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The IDCR is pleased to welcome two Visiting Professors from Mexico, Professor Tomislav Lendo and Professor Irma Mendez de Hoyos. The two professors are being hosted in the IDCR from January to December 2013, and both are engaged in empirical research on different aspects of Mexican politics. The University of Essex has a strong relationship with Mexico and since its establishment in 1964 has taught over 550 students from Mexico. Professors Lendo and Mendez de Hoyos received their PhDs from the renowned Department of Government at the University of Essex.
Professor Tomislav Lendo
Professor Tomislav Lendo obtained his PhD in Government from the University of Essex, and his MSc in Public Policy from the University of London QMUL. He has specialised in Political Communication. He was Chief Speechwriter for both President Vicente Fox and President Felipe Calderon. During his 12 years at Mexico’s presidential office, he wrote or supervised all Presidential messages and briefed the President for his interviews with both, the national and international media. He participated in cabinet meetings regarding all public policy sectors. He provided general guidelines for Mexico’s Federal Government messages on the most relevant current issues. Previously he served at the Mexican Ministry of Social Development (Secretaria de Desarrollo Social) as General Director of Social Studies. In the academic sector, he has taught in areas such as anthropology, politics and public policy. He has participated in conferences both in Mexico and Europe and published several papers on public policy and Latin-American politics. He is currently engaged in a research project that analyses Presidential speeches with respect to public security in Mexico.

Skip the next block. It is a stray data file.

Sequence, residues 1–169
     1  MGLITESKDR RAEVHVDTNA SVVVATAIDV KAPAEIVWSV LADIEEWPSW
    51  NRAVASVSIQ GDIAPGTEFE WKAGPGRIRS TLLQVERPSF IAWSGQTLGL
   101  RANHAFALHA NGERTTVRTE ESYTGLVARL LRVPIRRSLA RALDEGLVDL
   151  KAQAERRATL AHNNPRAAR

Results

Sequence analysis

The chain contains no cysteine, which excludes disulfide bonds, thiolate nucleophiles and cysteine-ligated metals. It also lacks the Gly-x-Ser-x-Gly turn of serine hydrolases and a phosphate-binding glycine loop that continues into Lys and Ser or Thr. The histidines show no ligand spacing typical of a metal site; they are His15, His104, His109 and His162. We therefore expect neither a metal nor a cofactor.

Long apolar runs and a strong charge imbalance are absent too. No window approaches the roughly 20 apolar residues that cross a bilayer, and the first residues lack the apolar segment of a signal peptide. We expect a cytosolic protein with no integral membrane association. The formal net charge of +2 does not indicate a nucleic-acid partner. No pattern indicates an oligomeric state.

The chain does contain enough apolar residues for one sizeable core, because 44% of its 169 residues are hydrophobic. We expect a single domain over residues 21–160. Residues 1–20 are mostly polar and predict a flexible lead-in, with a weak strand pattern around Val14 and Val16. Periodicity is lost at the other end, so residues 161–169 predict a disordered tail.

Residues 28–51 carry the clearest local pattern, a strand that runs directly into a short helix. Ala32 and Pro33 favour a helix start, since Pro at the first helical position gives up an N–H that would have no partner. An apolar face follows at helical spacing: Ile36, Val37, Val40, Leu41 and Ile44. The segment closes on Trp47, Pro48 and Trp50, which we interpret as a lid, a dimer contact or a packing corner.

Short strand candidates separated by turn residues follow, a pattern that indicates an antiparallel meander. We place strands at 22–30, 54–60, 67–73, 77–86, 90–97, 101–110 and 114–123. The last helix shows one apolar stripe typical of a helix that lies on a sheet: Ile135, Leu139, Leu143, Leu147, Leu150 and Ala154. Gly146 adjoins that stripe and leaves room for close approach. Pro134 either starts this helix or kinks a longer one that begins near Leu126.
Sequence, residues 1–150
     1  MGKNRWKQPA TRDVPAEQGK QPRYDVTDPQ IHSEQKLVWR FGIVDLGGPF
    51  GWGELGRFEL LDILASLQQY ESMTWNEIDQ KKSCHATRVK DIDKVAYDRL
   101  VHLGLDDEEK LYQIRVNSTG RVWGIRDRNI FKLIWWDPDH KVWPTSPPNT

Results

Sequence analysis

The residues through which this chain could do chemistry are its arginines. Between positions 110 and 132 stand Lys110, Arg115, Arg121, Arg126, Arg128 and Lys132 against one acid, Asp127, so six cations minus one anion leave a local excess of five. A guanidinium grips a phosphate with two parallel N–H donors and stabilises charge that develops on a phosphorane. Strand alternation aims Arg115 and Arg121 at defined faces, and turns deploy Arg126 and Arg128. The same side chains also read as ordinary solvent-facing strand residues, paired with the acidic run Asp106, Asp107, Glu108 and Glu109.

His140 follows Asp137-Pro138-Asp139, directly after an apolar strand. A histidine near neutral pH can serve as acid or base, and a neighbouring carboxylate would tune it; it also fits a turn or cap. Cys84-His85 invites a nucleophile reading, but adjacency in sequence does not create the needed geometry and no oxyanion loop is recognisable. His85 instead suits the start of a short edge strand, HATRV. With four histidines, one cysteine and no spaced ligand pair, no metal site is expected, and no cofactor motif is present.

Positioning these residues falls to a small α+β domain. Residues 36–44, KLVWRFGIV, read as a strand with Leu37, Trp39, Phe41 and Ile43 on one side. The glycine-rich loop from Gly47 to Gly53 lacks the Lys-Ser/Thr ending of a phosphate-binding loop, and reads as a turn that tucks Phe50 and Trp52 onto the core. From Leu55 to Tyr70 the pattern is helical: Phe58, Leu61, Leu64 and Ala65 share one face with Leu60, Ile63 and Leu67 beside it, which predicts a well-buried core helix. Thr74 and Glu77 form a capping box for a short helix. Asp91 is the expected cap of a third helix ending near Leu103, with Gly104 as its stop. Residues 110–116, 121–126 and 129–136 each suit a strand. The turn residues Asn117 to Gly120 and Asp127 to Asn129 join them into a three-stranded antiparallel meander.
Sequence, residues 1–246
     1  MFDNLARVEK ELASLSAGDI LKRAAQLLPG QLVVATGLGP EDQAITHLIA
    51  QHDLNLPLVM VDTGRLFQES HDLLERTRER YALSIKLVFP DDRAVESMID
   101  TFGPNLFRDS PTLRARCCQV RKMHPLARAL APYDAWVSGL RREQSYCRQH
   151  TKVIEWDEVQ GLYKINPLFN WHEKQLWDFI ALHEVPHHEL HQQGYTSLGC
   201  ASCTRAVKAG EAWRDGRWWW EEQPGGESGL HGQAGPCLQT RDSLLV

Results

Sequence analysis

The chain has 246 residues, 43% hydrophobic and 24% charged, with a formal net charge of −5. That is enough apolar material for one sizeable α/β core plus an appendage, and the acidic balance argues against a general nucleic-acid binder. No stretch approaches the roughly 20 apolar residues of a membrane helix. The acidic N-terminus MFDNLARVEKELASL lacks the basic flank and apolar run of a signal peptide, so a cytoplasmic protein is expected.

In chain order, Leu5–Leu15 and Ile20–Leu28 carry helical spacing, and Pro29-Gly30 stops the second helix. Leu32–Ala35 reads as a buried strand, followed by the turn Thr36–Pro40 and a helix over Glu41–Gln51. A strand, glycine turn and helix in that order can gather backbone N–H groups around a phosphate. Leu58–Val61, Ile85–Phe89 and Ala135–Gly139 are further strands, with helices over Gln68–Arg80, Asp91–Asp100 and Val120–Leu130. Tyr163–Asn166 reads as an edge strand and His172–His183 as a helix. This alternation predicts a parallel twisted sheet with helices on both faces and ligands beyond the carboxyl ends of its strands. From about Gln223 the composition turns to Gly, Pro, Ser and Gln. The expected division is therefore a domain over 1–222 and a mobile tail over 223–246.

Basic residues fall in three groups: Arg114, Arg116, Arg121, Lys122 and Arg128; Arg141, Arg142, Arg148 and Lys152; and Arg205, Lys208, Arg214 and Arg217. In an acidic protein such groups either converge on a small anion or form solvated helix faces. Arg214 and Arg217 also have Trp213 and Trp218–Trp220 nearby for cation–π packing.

Professor Irma Mendez de Hoyos
Professor Irma Mendez de Hoyos is a full time Researcher and Professor at the Latin American Faculty of Social Sciences in Mexico (FLACSO Mexico); and National Coordinator of the Network of Researchers on the Quality of Democracy in Mexico (Red de Investigación de la Calidad de la Democracia en México). She is a member of the National System of Researchers in México (SNI). Her PhD is in Government, University of Essex, UK. She teaches courses on transition to democracy, political parties, elections, electoral behaviour and public policy in Mexico and Latin America at post graduate level. Her most recent research projects are “The Quality of Elections in Mexico at local level”, “The Quality of Democracy in Mexico at local level”, and “The independence of Electoral Management Bodies in Latin America”. She is currently on her sabbatical leave at the Institute for Democracy and Conflict Resolution (IDCR), University of Essex, researching on electoral malpractices in presidential elections in Latin America, 2006-2012
The IDCR was pleased to host a talk by Sylvia Meichsner on the phenomenon of ‘child-circulation’ in Tijuana, a significant border town between Mexico and California. Her talk was based on extensive ethnographic field research in Tijuana and surrounding areas through a network of ‘orphanages’.